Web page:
God as a source of security for children

At any given age children experience normal fears and anxieties. If a family becomes concerned about a child’s unusually high level of anxiety, plenty of psychological resources exist. But there is an additional, important resource to be found in anchoring children at their core—in their spirit.

We all need a place to take our troubles and fears.

For centuries the Bible has been a reliable source of wisdom and offers a powerful picture of what God is like. In one of it’s most meaningful, familiar passages, the 23rd Psalm, a fearful young man writes his prayer:

“Even though I walk through the darkest valley, I will fear no evil, for you are with me; your rod and your staff, they comfort me.”

Look at a child’s self-talk to help unstick anxiety or depression

teen girl-in-thoughtWhen bad things happen, children feel sad, angry or worried.  But what they tell themselves about what happened makes a big difference.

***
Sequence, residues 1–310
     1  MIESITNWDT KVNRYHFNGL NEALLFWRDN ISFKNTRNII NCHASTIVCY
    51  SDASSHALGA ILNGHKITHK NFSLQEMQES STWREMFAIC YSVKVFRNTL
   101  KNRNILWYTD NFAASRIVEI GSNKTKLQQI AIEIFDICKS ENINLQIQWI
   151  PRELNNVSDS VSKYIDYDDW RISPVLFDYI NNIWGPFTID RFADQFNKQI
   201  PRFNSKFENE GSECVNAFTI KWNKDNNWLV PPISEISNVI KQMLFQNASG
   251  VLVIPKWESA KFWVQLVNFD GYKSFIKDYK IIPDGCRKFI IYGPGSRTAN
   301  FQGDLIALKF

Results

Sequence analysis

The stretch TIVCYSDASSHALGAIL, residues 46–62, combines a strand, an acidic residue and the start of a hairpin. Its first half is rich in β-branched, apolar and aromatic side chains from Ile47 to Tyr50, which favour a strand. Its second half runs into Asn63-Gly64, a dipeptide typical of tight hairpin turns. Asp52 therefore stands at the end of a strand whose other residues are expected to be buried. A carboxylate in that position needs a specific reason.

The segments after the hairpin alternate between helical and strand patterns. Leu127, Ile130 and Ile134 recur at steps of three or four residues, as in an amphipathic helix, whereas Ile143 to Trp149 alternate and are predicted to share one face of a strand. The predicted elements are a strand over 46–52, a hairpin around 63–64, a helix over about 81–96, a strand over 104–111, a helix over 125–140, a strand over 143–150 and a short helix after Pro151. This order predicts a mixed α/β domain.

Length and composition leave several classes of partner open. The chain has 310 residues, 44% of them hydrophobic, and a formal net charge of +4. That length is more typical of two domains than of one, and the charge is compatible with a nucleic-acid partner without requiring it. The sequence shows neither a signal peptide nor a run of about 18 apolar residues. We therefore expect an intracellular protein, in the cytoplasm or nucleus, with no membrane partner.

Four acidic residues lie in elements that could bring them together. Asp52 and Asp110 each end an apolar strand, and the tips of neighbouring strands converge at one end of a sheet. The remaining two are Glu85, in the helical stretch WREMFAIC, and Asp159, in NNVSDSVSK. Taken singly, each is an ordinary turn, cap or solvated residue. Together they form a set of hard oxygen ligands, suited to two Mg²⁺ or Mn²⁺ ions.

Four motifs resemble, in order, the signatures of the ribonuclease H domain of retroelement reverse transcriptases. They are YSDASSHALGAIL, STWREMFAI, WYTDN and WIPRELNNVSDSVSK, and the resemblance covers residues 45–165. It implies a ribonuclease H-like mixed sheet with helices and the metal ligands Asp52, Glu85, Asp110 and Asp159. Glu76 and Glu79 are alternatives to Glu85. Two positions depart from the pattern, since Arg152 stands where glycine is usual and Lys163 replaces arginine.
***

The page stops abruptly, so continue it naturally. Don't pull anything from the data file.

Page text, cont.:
When self-talk contributes to a child’s anxiety

At the core of anxiety is the child’s fear of what is going to happen in the future, compounded by the accompanying self-talk.

  • My parents will get a divorce. (I won’t have a real family anymore.)
  • There’s going to be a shooting at my school. (The world is a scary place to live. More bad things happen than good things.)
  • I have to give a report in front of the whole class. (I can’t do it. It’s too hard for me.)
  • My best friend will move away. (If I lose my best friend, I’ll never have another best friend again!)